Why is the vagus nerve essential for wellbeing
Stress is individual and personal. You come out of the grocery store, and you see some smoke in the parking lot. When you look, you see a fire in an old abandoned building across the street. Suddenly you feel fear and a sensation in our stomach. Quickly you get the urge to rush and get out of there fast even though the fire is far away from you.
The fire brigade arrives, and they look driven. The firefighters run toward the abandoned building and the fire. Inside the firemen’s mind, there is not fear but excitement to go and do their job. They are calm and approach the situation with ease.
A news reporter hears the news of the fire and drives the News crew to the scene. They move fast and try to get to the fire scene as soon as possible. Inside the reporters’ minds is to get there quickly, hoping that they \are the first one new station to report the story.
You can see how people have very different reactions from three people in the same situation in the story. They all triggered stress for these three people, but the tension was interpreted differently by each person. The way we perceive events in our lives can trigger positive stress that helps achieve rewarding things or the opposite. We can trigger stress that promotes anxiety, fear, and illness.
Your autonomic nervous system has two basic modes that determine if your stress moves toward safety or towards the threat. The mode that links to safety is what we can call the well-being mode. When we feel safe, we create and connect positively with people and our environment.
The well-being mode links to the things we are attached to and what makes us feel comfortable. Your heart and your vagus nerve get positive feedback when you connect with positive connections. The vagus nerve is the nerve that plays a vital role in your stress management and the nervous system. For a healthier, happier life, you want to strengthen your vagus nerve.
The second mode is what we can call the defensive mode. Your brain gets activated and in high alert when it perceives a situation as threatening. This reaction is personal and individual. As you saw in the story I mentioned earlier about the fire, people have different responses to the same situation.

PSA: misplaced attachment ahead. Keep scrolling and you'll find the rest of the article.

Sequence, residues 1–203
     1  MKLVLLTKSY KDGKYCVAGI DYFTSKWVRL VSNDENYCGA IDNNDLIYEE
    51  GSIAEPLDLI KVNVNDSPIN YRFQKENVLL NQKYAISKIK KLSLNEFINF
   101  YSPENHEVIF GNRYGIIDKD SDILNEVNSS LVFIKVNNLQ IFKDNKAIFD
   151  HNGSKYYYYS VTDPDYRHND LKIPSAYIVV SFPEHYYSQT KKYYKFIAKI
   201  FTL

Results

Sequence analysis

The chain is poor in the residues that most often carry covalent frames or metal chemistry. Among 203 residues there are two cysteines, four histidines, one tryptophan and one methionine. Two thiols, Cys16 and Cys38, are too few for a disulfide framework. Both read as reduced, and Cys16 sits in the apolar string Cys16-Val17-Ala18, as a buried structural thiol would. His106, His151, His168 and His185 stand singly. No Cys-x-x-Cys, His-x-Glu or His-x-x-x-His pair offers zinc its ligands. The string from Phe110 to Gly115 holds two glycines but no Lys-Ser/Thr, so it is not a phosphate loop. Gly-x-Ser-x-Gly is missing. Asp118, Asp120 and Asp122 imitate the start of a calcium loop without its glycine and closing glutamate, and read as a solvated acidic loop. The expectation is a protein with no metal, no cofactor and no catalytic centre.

The more you activate the defensive mode, the more you increase stress, weakening the vagus the nerve. When you have a weak vagus, it’s called a low vagal tone. Having a vulnerable vagus nerve is linked to many physical and mental illnesses. When this is a chronic problem, your body doesn’t know how to turn off stress and damage your cardiovascular health.
All of us must do things that promote a healthy vagus nerve. It is also critical to create opportunities that deactivate the defensive mode when it has been turned unnecessarily. We all need skills to know how to turn off the threatening response.
One way to deactivate the defensive response is to work with the stress you created instead of against it. If you feel anxious and overwhelmed about situations, do not try to suppress it or ignore it. Your body created all this internal energy thinking you might have to run, fight, or flee to protect yourself. One of the best things you can do is to see how you can refocus the energy.
Please consider tricking your brain by finding a way to use that excessive energy. When you are stressed and anxious, You might notice this urge inside to act physically. Follow that by first creating a sense of safety. So move to a place that feels safe to you. Then mobilize the energy. How do you release your energy? You move your body.
This option is also personal. So you may want to do something that you enjoy that feels like a good release of energy. Maybe consider running in place or dancing. By finding a positive way to move, you will use the physical resources your body just triggered, so they don’t build up in your body
You will also control the release of the energy and get the well-being response to kick in. You can do this by letting all power out, and then you stop and connect with your breath. Focus on each inhalation and exhalation. You continue to stay focused on your breath until you feel calm and comfortable.
I have two activities that I like to do when I want to turn off my defensive mode. One is yoga, and the other is to sing alone in my car. I like to play music loud and sing out loud and dance. Sometimes I do it at home, but I prefer to do it in the car. I love singing my heart out and not worrying about how I sound. I dance, move, and I let it all out. I like to finish with a breathing practice that brings me to feeling centered.
“You cannot always control what goes on outside. But you can always control what goes on inside.”– Wayne Dyer
Next time you mistakenly turn on your defensive response, how are you going to turn it off?